12 of the Cheapest Cars You Can Buy With 500 Horsepower
It wasn’t so long ago 500 horsepower seemed unattainable on most budgets. Now, there are many options under $50,000.
A decade ago, 500 horsepower was a power level reserved for top-tier automobiles. I remember being absolutely stunned when Ford announced that the Shelby GT500, upon its re-introduction in 2007, would come with a power rating of 500 horsepower.
Remember, this was a time when the Chevrolet Corvette, Dodge Viper, and high-end exotics like the Lamborghini Gallardo were just starting to break the 500 horsepower benchmark.
So the idea that you could have that kind of power from something as accessible as a Mustang (Shelby or no) seemed groundbreaking at the time.
Now, however, in a post Hellcat world, 500 horsepower seems pretty tame, even pedestrian.
Which in many ways is a shame, because it’s turning a whole generation of car enthusiasts who grew up with YouTube into meat heads, who think speed only really happens when a car has over 700 horsepower.
Internet car culture can more or less be summed up with James Pumphrey yelling, “Mo powa bebeh!”
However, in other ways, this is good news. Because a rising tide lifts all boats. As cars like the Hellcat and new GT500 break the 700 mark, it drives down demand for their down-on-power counterparts of yesteryear.
Meaning that cars with 500 horsepower are no longer unattainable halo cars. Almost every single car on this list can be purchased well under $50,000 (some of them under $30,000).
And if you’re reading this right now, scoffing at the notion of 500 horsepower, I have some advice for you.
First, get your driver’s license. Second, actually drive something with 500 horsepower. And tell me with a straight face, it didn’t scare you a little.
I really, truly believe anybody can handle a car with 300 horsepower. Anybody.
400 horsepower is something most people could probably get used to. But 500 horsepower? No. Sorry. It’s not for everybody. It’s not even for most.
500 horsepower crosses a threshold. It’s at that level of power that you begin to feel real weight on your chest when you accelerate — like the steering wheel is trying to break free from your hands. The world around you starts to move faster than you can reasonably react to. You have to know what you’re doing when you start messing around with 500 horsepower.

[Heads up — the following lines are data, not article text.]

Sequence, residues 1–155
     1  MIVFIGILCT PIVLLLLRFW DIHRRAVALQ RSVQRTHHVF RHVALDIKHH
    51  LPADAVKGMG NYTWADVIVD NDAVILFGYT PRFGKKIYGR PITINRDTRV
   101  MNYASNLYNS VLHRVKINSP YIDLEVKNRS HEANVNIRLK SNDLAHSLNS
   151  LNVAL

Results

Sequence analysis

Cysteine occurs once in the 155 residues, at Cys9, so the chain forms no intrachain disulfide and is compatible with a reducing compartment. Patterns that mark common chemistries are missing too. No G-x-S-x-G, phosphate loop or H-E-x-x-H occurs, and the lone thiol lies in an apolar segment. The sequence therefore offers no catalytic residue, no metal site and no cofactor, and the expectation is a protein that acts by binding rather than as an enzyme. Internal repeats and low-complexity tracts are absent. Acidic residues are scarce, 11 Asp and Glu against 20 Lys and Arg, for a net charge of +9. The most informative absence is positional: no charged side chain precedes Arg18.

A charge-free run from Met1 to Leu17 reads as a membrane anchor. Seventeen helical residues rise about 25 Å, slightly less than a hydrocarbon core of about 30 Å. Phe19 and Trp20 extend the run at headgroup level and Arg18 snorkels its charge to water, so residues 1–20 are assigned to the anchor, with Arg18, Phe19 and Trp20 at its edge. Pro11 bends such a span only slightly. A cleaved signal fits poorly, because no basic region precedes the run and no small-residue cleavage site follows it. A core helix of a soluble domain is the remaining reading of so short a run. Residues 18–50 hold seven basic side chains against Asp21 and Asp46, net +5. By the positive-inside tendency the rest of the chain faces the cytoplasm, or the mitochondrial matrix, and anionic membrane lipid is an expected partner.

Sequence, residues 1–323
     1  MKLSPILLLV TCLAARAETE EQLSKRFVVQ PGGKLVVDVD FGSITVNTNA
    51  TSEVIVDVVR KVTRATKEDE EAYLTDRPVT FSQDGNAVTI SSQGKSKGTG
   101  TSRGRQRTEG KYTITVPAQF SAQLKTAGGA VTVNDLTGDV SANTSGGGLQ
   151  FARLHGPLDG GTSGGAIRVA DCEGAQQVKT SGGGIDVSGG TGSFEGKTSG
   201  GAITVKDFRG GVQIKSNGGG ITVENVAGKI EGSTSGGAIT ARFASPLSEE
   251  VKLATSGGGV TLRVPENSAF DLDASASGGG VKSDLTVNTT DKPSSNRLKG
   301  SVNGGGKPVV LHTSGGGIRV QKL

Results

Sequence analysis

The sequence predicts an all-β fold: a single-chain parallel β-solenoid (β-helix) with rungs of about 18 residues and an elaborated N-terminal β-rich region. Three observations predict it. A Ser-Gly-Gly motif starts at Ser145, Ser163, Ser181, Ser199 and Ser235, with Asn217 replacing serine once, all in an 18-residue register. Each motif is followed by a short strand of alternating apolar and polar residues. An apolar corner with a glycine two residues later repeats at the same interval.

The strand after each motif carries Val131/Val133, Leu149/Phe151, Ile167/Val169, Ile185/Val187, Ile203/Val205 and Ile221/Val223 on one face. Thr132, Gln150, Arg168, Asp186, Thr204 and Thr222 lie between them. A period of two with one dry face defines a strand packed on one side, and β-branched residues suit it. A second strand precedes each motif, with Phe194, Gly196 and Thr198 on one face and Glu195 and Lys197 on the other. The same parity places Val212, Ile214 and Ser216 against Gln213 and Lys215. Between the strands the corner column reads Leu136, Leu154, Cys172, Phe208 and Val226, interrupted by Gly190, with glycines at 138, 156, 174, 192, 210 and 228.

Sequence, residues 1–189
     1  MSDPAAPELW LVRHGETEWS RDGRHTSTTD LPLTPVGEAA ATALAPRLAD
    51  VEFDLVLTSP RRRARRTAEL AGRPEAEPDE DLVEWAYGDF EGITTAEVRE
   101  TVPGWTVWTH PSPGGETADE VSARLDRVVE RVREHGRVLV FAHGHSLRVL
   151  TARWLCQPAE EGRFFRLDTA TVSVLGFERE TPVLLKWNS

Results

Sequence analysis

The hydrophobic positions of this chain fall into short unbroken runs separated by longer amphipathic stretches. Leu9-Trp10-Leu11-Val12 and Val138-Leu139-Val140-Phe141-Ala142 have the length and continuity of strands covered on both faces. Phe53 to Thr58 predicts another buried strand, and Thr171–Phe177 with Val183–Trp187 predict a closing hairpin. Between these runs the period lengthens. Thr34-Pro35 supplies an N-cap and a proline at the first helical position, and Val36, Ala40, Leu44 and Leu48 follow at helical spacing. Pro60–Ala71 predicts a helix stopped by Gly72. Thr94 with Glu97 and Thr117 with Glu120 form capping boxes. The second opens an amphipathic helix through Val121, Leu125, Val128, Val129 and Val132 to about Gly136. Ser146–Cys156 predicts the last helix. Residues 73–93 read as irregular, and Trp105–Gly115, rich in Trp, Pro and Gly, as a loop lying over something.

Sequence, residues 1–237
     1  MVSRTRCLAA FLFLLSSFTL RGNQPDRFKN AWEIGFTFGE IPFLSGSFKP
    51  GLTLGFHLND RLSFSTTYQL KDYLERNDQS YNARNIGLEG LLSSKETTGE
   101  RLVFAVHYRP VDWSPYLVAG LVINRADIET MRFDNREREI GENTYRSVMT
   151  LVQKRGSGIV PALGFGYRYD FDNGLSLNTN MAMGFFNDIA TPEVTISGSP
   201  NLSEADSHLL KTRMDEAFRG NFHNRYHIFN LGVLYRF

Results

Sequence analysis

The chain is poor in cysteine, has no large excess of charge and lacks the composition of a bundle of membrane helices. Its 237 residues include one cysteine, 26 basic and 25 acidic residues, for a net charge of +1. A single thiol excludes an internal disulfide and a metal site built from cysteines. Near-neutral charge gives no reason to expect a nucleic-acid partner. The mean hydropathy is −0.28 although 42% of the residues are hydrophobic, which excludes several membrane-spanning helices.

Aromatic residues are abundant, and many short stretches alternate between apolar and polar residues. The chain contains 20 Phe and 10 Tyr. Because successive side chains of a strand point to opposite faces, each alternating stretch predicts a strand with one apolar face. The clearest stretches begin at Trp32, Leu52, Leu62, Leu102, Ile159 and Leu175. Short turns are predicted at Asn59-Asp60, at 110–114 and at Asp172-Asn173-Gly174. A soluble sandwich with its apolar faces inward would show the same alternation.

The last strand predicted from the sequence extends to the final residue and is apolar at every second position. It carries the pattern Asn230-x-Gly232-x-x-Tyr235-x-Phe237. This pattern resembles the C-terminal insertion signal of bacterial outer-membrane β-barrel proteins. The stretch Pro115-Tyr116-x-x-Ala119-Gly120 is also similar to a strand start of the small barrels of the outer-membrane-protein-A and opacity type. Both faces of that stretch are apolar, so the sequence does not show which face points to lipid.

You might tell me that you need more; that you’re a power-junkie who won’t settle for anything less than 1000 horsepower. Yeah, sure. Whatever. Good for you. Everybody thinks you’re cool.
But for the layman, putting your foot into 500 horsepower is a constantly thrilling and at least slightly scary experience.
Any of the cars on this list have enough power to create that experience. And for the first time ever, you don’t have to sell your house to get one.
(A note: In this article, we’re strictly looking at stock cars. I know your cousin built a ‘turbo LS-swapped whatever’ that makes 500 horsepower, or you’re building a ‘big turbo Civic that’s going to blah blah blah’ 600 horsepower. Save it. Yes it’s possible to build big horsepower for cheap. That’s not what we’re talking about here.)
2007 – 2012 Ford Mustang Shelby GT500
500 – 550 horsepower
Hey, we were just talking about this one! The S197 Shelby GT500 really should get more credit for how much it accelerated the horsepower wars. The first iterations brought us a steady increase of 500 to 550 horsepower stemming from a supercharged 5.4-litre V8.
While one of these cars would have set you back over $60,000 new (still a power bargain at the time) the Canadian Black Book now puts the average asking price just under $37,000.
You might hum and haw over getting one of these versus a new 5.0-litre S550 car, and it’s logical discussion. But come on, Cobra badges. What else do you need?
If you can find a 2013 or 2014 GT500 with 662 horsepower for under $50,000, do it. Don’t think. Just do it.